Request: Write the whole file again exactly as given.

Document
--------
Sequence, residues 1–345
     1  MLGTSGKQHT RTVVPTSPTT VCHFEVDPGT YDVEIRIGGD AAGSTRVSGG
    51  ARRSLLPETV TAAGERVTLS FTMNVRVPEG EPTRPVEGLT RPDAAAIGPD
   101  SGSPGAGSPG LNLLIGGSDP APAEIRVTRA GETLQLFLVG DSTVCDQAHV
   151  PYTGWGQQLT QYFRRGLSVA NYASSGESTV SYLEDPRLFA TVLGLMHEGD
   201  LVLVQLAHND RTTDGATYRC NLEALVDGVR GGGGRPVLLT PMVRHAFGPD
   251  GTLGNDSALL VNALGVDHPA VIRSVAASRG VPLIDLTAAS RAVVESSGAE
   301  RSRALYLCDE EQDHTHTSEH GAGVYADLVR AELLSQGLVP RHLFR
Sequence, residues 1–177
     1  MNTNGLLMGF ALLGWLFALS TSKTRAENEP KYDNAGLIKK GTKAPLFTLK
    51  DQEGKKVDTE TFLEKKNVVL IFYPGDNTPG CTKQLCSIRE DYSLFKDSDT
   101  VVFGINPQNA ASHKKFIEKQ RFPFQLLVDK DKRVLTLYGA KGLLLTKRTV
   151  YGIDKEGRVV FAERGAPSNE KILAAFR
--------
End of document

Sequence, residues 1–345
     1  MLGTSGKQHT RTVVPTSPTT VCHFEVDPGT YDVEIRIGGD AAGSTRVSGG
    51  ARRSLLPETV TAAGERVTLS FTMNVRVPEG EPTRPVEGLT RPDAAAIGPD
   101  SGSPGAGSPG LNLLIGGSDP APAEIRVTRA GETLQLFLVG DSTVCDQAHV
   151  PYTGWGQQLT QYFRRGLSVA NYASSGESTV SYLEDPRLFA TVLGLMHEGD
   201  LVLVQLAHND RTTDGATYRC NLEALVDGVR GGGGRPVLLT PMVRHAFGPD
   251  GTLGNDSALL VNALGVDHPA VIRSVAASRG VPLIDLTAAS RAVVESSGAE
   301  RSRALYLCDE EQDHTHTSEH GAGVYADLVR AELLSQGLVP RHLFR
Sequence, residues 1–177
     1  MNTNGLLMGF ALLGWLFALS TSKTRAENEP KYDNAGLIKK GTKAPLFTLK
    51  DQEGKKVDTE TFLEKKNVVL IFYPGDNTPG CTKQLCSIRE DYSLFKDSDT
   101  VVFGINPQNA ASHKKFIEKQ RFPFQLLVDK DKRVLTLYGA KGLLLTKRTV
   151  YGIDKEGRVV FAERGAPSNE KILAAFR